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Potentially inappropriate prescribing in nursing home residents detected with the community pharmacist specific GheOP3S-tool

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Abstract
Background: The Ghent Older People’s Prescriptions community Pharmacy Screening (GheOP3S-)tool was recently developed to screen for potentially inappropriate prescribing (PIP). Objective: We aimed (1) to determine PIP prevalence in older nursing home (NH) residents with polypharmacy using the GheOP3S-tool and (2) to identify those PIPs that are most frequently detected. Method: A cross-sectional study was carried out between February and June 2014 in 10 NHs in Belgium, supplied by a community pharmacy chain. For each NH, 40 residents (>70 years, using >5 chronic drugs) were included. PIP prevalence was determined using the GheOP3S-tool. Results: 400 NH residents were included [mean age (±SD) 86.2 (±6.3) years; median number of drugs (±IQR) 10 (7–12)]. A total of 1728 PIPs were detected in 387 (97 %) participants (Median 4; IQR 2–6). The most prevalent items can be assigned to three categories: long-term use of central nervous system drugs (i.e. benzodiazepines, antidepressants and antipsychotics), use of anticholinergic drugs (mutual combinations and with underlying constipation/dementia) and underuse of osteoporosis prophylaxis. Conclusion: Screening for PIP by means of the GheOP3S-tool revealed a high prevalence of PIP among older NH residents with polypharmacy. This finding urges for initiatives on the patient-level, but also on a broader, institutional level.
Keywords
Aged, Belgium, GheOP(3)S, Inappropriate prescribing, Nursing homes, PIP, CARE HOMES, DRUG-USE, MEDICATION, QUALITY, INTERVENTIONS

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Citation

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MLA
Tommelein, Eline et al. “Potentially Inappropriate Prescribing in Nursing Home Residents Detected with the Community Pharmacist Specific GheOP3S-tool.” INTERNATIONAL JOURNAL OF CLINICAL PHARMACY 38.5 (2016): 1063–1068. Print.
APA
Tommelein, E., Mehuys, E., Petrovic, M., Somers, A., Van Damme, C., PATTYN, E., Mattelin, K., et al. (2016). Potentially inappropriate prescribing in nursing home residents detected with the community pharmacist specific GheOP3S-tool. INTERNATIONAL JOURNAL OF CLINICAL PHARMACY, 38(5), 1063–1068.
Chicago author-date
Tommelein, Eline, Els Mehuys, Mirko Petrovic, Annemie Somers, Charlotte Van Damme, EVA PATTYN, Kristof Mattelin, and Koen Boussery. 2016. “Potentially Inappropriate Prescribing in Nursing Home Residents Detected with the Community Pharmacist Specific GheOP3S-tool.” International Journal of Clinical Pharmacy 38 (5): 1063–1068.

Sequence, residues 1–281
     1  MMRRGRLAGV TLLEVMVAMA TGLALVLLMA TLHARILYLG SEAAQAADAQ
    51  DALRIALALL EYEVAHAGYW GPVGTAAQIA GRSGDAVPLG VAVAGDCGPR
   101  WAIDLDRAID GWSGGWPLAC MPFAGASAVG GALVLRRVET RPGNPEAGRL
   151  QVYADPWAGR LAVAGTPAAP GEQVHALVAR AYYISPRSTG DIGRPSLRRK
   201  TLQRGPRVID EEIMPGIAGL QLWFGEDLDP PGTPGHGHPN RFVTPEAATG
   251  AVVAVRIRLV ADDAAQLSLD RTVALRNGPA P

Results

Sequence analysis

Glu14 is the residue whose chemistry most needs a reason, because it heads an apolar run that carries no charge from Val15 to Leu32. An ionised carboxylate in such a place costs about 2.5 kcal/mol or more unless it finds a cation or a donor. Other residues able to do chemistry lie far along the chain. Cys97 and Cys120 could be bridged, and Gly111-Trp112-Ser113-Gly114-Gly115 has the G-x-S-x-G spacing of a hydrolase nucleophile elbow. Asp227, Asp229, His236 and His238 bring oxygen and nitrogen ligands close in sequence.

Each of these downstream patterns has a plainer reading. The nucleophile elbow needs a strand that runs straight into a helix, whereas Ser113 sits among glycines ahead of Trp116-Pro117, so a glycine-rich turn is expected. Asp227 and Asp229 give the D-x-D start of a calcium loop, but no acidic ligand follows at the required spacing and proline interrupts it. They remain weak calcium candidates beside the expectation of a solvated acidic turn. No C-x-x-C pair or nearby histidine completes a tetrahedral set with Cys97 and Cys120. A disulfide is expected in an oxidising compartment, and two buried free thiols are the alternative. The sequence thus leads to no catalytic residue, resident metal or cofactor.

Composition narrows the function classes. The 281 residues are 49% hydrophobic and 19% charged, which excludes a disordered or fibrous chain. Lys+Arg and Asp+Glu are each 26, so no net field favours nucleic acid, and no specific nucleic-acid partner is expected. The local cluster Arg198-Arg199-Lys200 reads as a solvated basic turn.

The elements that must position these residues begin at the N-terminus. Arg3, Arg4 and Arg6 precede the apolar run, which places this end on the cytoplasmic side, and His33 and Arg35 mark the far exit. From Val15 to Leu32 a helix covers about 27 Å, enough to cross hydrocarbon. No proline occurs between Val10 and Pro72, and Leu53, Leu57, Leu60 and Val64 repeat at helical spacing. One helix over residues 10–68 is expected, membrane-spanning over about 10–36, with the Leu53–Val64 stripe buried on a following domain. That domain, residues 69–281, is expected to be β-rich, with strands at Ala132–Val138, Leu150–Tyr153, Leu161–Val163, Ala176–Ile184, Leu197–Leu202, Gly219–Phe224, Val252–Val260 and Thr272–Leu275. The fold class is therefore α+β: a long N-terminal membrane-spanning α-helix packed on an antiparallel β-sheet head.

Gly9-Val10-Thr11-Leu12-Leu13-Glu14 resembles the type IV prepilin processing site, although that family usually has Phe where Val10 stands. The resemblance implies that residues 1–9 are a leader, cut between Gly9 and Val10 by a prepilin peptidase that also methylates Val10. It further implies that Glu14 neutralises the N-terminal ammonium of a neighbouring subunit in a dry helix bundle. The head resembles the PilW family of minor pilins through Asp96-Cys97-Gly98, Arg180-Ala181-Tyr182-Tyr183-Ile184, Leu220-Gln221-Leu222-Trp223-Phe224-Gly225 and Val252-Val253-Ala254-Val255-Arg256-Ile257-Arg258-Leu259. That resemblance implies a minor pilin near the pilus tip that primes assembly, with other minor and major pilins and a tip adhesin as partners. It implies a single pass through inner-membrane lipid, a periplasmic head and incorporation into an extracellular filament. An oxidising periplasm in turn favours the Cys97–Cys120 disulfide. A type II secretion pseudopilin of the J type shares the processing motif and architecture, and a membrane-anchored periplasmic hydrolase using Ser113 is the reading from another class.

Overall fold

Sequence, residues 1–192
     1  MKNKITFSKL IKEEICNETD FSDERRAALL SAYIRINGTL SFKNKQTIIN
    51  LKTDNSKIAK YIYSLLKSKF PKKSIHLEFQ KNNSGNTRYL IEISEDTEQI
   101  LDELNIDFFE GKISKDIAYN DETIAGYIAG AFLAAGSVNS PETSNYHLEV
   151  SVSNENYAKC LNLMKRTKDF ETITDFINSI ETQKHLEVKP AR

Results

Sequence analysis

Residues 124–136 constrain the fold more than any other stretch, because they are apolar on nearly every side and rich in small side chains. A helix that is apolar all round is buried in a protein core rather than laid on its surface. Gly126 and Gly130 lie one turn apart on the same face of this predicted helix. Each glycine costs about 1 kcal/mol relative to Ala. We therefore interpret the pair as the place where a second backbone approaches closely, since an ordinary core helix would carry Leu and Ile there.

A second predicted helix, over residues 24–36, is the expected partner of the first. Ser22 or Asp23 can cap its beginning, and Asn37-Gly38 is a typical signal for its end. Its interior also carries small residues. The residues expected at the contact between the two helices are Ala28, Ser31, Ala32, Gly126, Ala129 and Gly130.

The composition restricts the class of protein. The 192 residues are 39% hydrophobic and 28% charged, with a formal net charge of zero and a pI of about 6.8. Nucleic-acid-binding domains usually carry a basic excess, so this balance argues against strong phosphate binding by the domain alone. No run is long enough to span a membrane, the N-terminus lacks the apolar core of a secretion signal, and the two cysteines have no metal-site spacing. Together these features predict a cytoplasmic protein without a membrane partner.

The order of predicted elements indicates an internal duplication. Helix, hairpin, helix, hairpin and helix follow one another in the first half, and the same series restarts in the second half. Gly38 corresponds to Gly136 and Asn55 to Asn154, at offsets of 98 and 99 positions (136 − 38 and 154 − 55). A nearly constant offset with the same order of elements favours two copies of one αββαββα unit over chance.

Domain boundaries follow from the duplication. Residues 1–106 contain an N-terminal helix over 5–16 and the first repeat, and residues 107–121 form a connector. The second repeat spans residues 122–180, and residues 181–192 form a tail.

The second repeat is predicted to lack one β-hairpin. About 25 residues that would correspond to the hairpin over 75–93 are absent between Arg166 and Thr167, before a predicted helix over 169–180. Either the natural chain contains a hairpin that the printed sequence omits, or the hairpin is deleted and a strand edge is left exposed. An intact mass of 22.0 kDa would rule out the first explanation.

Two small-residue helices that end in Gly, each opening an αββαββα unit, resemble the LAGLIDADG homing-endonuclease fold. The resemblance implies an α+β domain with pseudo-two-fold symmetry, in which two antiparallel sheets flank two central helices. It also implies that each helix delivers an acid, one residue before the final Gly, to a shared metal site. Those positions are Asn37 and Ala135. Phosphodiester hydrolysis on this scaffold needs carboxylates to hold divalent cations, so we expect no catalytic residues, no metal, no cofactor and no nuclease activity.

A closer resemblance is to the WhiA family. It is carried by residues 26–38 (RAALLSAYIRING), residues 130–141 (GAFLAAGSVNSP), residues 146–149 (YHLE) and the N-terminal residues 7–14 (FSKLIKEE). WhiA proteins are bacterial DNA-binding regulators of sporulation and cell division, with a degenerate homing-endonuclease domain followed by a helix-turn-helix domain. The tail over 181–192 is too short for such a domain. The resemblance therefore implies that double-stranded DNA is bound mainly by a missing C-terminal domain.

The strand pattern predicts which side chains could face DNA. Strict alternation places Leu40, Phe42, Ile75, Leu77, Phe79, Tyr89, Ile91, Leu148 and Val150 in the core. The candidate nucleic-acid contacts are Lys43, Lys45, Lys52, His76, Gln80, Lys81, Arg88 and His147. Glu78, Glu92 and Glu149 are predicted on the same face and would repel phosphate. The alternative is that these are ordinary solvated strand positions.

Chicago author-date (all authors)
Tommelein, Eline, Els Mehuys, Mirko Petrovic, Annemie Somers, Charlotte Van Damme, EVA PATTYN, Kristof Mattelin, and Koen Boussery. 2016. “Potentially Inappropriate Prescribing in Nursing Home Residents Detected with the Community Pharmacist Specific GheOP3S-tool.” International Journal of Clinical Pharmacy 38 (5): 1063–1068.
Vancouver
1.
Tommelein E, Mehuys E, Petrovic M, Somers A, Van Damme C, PATTYN E, et al. Potentially inappropriate prescribing in nursing home residents detected with the community pharmacist specific GheOP3S-tool. INTERNATIONAL JOURNAL OF CLINICAL PHARMACY. 2016;38(5):1063–8.
IEEE
[1]
E. Tommelein et al., “Potentially inappropriate prescribing in nursing home residents detected with the community pharmacist specific GheOP3S-tool,” INTERNATIONAL JOURNAL OF CLINICAL PHARMACY, vol. 38, no. 5, pp. 1063–1068, 2016.
@article{8048086,
  abstract     = {Background: The Ghent Older People’s Prescriptions community Pharmacy Screening (GheOP3S-)tool was recently developed to screen for potentially inappropriate prescribing (PIP). 
Objective: We aimed (1) to determine PIP prevalence in older nursing home (NH) residents with polypharmacy using the GheOP3S-tool and (2) to identify those PIPs that are most frequently detected. 
Method: A cross-sectional study was carried out between February and June 2014 in 10 NHs in Belgium, supplied by a community pharmacy chain. For each NH, 40 residents (>70 years, using >5 chronic drugs) were included. PIP prevalence was determined using the GheOP3S-tool. Results: 400 NH residents were included [mean age (±SD) 86.2 (±6.3) years; median number of drugs (±IQR) 10 (7–12)]. A total of 1728 PIPs were detected in 387 (97 %) participants (Median 4; IQR 2–6). The most prevalent items can be assigned to three categories: long-term use of central nervous system drugs (i.e. benzodiazepines, antidepressants and antipsychotics), use of anticholinergic drugs (mutual combinations and with underlying constipation/dementia) and underuse of osteoporosis prophylaxis. 
Conclusion: Screening for PIP by means of the GheOP3S-tool revealed a high prevalence of PIP among older NH residents with polypharmacy. This finding urges for initiatives on the patient-level, but also on a broader, institutional level.},
  author       = {Tommelein, Eline and Mehuys, Els and Petrovic, Mirko and Somers, Annemie and Van Damme, Charlotte and PATTYN, EVA and Mattelin, Kristof and Boussery, Koen},
  issn         = {2210-7703},
  journal      = {INTERNATIONAL JOURNAL OF CLINICAL PHARMACY},
  keywords     = {Aged,Belgium,GheOP(3)S,Inappropriate prescribing,Nursing homes,PIP,CARE HOMES,DRUG-USE,MEDICATION,QUALITY,INTERVENTIONS},
  language     = {eng},
  number       = {5},
  pages        = {1063--1068},
  title        = {Potentially inappropriate prescribing in nursing home residents detected with the community pharmacist specific GheOP3S-tool},
  url          = {http://dx.doi.org/10.1007/s11096-016-0366-6},
  volume       = {38},
  year         = {2016},
}

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